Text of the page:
Dog Cat Love

Urinating on Clothes, Spanking & Spraying, Behavioral or Medical

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Q: I have a cat that I adopted almost two years ago, he spent some time in the pound and almost a year in the shelter. I think he developed some behavioral issues, like eating my hair to keep me awake at night, or knocking things off of my dresser. However, my biggest problem is every time he gets mad at me, he pees on my clothes! If I don’t have clothes to pee on, he’ll pee on my bed skirt. What can I do? – Sarah

A: The first thing I would do is take him to a veterinarian and have him checked for a urinary tract infection. Request a urinalysis and urine culture be done. It is important to rule out medical issues when there is a urination or spraying problem. Your cat is not urinating on your clothes to make you angry. In fact, cats do not know how to handle stress well, so purposely getting you upset is not your cat’s intention.

A simple solution to preserve your clothes, while you determine the source of the problem, is to keep them in the closet, dresser, or laundry bin. For help with litter boxes and possible behavioral causes, please read How to Resolve a Litter Box Problem.

Q: I have a female cat who sprays me when she gets mad at me. I spanked her bottom when she got on the kitchen counter. She then came over to the sofa where I had went and sat she backed up to me and sprayed me. It’s like she was saying piss on you lady for spanking me. How can I break her of this? By the way, she is a Siamese that was a rescue. All my animals are rescues with emotional problems. I love all my furbabies but what a battle I have on my hands. – Nancy

A: First, never hit your kitty. Cats will not understand it or learn from it, and you will simply frighten them or make them more stressed. For removing a kitty from the counter, you can simply pick her up gently — do not look at her as you do so — and place her down gently, but matter of factly. You might have to repeat this a half dozen to a dozen times, but when you are calm and unemotional, she will respond by no longer jumping on the counter, or at the very least, much less often.

You can also designate an area you want her to be in, in the kitchen, instead of on the counters. If you have little vertical territory in your home for your cats, and cats are kept on the floor, there is often more stress between cats, and more restlessness in general. By your being reactive and spanking her, she is responding by spraying, most likely out of stress. She is not spraying on you to make you more reactive. Stress can also weaken a cat’s immune system and I have seen stressed cats develop urinary infections, and cats with urinary infections, spray. Cats can spray when there is tension between cats or tension in a household. This means, you will have to change the relationship you have with your cat or ease tensions in the home.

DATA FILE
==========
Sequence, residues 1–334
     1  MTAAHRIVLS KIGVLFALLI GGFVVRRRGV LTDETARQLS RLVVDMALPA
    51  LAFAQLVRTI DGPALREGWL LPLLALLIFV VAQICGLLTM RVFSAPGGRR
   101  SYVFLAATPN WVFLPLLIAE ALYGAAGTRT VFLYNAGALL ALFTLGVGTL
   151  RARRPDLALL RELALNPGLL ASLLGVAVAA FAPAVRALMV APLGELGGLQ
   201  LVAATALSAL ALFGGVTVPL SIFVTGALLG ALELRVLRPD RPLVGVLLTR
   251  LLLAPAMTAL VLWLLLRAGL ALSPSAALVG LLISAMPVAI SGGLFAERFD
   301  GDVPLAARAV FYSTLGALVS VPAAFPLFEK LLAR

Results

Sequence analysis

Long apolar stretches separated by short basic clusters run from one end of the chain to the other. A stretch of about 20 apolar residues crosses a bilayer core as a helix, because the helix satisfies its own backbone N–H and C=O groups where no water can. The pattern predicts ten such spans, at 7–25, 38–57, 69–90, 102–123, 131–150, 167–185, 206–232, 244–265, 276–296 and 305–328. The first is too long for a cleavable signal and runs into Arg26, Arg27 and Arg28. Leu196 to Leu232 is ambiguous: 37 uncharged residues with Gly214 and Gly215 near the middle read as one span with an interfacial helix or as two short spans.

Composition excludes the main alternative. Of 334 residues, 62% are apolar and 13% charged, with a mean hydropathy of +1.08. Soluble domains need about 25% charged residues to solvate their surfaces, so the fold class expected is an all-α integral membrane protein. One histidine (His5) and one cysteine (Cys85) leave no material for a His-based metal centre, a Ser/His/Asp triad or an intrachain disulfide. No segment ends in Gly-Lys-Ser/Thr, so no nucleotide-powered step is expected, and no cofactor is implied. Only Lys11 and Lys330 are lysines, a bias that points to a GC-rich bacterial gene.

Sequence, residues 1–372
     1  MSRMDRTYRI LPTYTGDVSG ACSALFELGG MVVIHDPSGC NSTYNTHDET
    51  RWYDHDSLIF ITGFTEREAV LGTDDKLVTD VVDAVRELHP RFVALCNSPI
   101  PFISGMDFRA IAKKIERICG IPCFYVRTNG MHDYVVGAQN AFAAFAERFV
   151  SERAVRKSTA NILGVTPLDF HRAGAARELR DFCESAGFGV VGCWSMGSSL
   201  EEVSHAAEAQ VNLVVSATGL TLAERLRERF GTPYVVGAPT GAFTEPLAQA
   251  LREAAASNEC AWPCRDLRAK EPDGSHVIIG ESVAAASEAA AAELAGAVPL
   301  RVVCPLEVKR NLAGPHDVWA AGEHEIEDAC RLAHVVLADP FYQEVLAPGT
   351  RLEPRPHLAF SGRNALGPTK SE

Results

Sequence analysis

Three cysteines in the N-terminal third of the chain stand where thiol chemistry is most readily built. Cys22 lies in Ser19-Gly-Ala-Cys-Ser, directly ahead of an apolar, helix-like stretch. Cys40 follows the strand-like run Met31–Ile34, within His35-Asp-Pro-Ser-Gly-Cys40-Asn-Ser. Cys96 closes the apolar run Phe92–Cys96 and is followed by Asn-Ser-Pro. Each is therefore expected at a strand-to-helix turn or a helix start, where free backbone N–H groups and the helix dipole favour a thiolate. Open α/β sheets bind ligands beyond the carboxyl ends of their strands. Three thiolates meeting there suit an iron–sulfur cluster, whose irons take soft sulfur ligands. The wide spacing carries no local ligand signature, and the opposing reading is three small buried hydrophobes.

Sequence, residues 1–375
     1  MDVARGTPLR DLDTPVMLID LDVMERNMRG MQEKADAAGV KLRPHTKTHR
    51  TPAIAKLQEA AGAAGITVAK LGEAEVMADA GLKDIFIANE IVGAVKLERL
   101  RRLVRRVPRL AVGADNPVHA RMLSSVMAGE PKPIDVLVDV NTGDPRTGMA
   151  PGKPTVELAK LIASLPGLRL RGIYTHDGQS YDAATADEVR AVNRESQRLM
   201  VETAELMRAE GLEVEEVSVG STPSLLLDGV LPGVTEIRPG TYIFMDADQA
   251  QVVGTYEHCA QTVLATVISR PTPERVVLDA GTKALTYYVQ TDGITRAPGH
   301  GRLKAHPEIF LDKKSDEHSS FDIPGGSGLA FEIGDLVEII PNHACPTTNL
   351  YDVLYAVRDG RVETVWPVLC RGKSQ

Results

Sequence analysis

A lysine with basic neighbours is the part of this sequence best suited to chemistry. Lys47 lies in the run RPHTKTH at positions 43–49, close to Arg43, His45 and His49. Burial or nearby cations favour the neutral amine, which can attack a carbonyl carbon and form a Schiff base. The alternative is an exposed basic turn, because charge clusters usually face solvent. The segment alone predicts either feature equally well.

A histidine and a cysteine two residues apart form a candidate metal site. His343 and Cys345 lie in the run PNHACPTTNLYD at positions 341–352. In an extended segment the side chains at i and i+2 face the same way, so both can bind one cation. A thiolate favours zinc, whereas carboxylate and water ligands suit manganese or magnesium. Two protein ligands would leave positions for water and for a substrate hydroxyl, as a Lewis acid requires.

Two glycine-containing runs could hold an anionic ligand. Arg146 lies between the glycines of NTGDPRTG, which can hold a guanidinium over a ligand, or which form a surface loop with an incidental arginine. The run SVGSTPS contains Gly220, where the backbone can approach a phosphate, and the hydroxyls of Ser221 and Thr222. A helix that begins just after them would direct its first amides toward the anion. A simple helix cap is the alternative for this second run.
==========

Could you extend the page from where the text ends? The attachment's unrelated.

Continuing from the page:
Q: My cat Nikki, has been showing signs of maybe being ill, I have had her at the vet three times, with only a mild ear irritation, she is less active, drinks more water and is eating more than usual, and she eats a lot of grass, and is licking her fur a lot more than usual, her personality has changed a little too, not quite as smoochy and a bit more skittish than usual, any ideas would be most helpful, I do intend to take her back to the vet and maybe do blood tests to rule out anything just wondering if this is a health issue which it appears to be to me, or something else that could be bothering her, thanks. – Carole

A: This sounds like a health issue (medical/nutritional), unless there have been dramatic changes in the home or to her routine, or stress between people and/or animals in the household. A bad batch of food or ingredient changes in the pet food you normally buy could cause some of these behaviors. It is important to take her to your veterinarian to rule out any medical concerns. Your veterinarian will most likely perform blood work and a urinalysis to begin with. Ear infections can be very painful. Cats do not do well under stress. If the ears contain black/brown goo or gunk, it can often be fungal/ yeast (or mites). This should be checked and/or treated. It is perfectly fine and healthy for her to eat grass. If she is craving it, you should definitely allow her to indulge. Many cats love wild grasses and lawn grass. Just make sure the grass she is eating has not been treated and is not laden with toxic lawn chemicals.

Copyright © Alana Stevenson 2013

Alana Stevenson can be contacted through her website She provides consultations by phone and Skype.

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